⚠️ GitHub is beta testing their own Admonition syntax. We should weigh in

How are code fence info strings considered? The spec avoids requiring functionality for them, but virtually all uses of info strings treat the first word as the language of the code sample, as mentioned in the spec. That language is either parsed like a file extension (e.g. md) or a language name (e.g. rust), introducing something very similar to English keywords. The generic directive proposal is in a similar but rougher spot (that you commented on in 2015), where the spec can avoid predefining any keywords but also where virtually all uses of this functionality will imply a language.

Perhaps a symbolic variant of the generic directive proposal would be appropriate for admonitions, or the existing generic directive proposal can work if emojis or other symbolic/pictographic Unicode character sequences are the keywords? E.g.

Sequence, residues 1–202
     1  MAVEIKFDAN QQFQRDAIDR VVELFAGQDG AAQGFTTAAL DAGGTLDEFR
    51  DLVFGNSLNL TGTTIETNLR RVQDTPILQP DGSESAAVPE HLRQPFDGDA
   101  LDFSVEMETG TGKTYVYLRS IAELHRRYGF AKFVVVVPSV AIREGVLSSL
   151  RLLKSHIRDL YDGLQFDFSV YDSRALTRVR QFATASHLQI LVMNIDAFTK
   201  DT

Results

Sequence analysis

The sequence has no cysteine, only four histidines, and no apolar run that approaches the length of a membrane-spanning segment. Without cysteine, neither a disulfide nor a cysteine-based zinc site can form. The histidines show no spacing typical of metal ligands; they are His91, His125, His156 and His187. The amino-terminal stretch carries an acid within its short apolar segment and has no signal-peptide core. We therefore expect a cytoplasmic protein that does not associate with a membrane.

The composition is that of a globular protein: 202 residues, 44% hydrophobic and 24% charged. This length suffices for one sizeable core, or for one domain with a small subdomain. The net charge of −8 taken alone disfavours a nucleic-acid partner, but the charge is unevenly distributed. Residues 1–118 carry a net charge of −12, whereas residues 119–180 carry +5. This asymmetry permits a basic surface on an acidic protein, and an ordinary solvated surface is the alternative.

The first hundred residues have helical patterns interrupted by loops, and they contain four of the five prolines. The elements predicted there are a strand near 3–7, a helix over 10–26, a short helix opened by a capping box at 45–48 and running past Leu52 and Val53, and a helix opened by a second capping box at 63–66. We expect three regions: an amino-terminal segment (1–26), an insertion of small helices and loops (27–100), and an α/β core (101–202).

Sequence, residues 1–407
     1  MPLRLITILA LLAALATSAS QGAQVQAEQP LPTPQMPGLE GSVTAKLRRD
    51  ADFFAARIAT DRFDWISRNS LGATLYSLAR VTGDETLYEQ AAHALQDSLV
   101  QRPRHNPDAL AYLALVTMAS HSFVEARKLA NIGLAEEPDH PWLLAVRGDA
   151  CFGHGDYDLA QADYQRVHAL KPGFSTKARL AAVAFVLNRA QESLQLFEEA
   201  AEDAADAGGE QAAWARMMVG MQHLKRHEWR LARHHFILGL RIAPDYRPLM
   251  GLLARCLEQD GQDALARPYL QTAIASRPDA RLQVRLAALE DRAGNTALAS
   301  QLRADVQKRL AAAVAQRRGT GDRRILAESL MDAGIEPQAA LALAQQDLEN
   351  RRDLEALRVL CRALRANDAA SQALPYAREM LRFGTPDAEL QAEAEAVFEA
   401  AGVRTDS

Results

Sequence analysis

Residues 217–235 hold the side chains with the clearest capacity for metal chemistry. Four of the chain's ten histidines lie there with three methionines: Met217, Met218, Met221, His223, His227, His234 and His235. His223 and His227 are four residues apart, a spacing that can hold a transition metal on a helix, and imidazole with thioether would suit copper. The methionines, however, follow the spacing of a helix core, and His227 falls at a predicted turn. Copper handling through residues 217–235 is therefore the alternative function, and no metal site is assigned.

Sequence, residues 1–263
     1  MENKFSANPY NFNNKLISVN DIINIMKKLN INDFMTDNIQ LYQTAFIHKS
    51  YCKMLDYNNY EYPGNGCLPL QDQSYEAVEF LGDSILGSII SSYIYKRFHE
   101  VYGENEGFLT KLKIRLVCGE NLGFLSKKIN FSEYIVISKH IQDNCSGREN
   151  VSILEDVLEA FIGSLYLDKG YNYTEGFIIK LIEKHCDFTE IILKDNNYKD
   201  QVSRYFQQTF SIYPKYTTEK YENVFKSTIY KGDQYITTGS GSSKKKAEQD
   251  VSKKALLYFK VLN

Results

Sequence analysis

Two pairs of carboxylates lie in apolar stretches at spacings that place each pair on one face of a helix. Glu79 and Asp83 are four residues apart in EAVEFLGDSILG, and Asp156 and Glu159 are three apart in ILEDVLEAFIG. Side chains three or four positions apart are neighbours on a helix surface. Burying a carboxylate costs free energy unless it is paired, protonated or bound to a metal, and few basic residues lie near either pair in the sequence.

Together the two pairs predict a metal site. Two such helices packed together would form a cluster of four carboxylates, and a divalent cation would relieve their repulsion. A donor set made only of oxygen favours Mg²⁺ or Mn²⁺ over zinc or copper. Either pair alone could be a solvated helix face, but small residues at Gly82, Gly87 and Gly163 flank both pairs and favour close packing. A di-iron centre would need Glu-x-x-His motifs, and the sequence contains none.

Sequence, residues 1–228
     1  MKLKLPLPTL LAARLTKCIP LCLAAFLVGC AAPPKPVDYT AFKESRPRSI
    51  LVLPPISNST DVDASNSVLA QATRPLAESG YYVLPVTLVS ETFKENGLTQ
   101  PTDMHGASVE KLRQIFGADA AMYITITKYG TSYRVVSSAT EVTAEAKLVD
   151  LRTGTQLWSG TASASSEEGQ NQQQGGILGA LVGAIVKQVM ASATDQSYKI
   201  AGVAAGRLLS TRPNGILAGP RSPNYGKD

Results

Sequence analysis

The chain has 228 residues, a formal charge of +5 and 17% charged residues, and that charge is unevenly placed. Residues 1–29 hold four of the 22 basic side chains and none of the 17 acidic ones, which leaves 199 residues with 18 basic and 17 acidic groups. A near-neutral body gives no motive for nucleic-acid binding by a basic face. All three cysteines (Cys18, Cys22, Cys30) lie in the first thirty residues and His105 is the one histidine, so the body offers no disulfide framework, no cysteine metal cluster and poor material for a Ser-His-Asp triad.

:: ℹ️ [This is my leaf note block content, with directive name `\u2139\ufe0f`.]

::: ℹ️ [My container note block title]

This is my container note block content, with directive name `\u2139\ufe0f`.


Your admonition emoji proposal from earlier works well here for directive names. Note that those using an emoji shortcode extension could also support shortcode syntax in directive names, at least for leaf block & container block directives, unless they desire to make spaces mandatory for leaf & container block directives so the inline syntax :name[content]{key=val} used with a shortcode (e.g. ::information_source:[Inline directive content]) is unambiguous against the leaf block syntax :: name [content] {key=val} (e.g. :: :information_source: [Leaf block directive content]), and the latter is unambiguous against the container block syntax ::: name [inline-content] {key=val} (e.g. ::: :information_source: [Leaf block directive inline content]).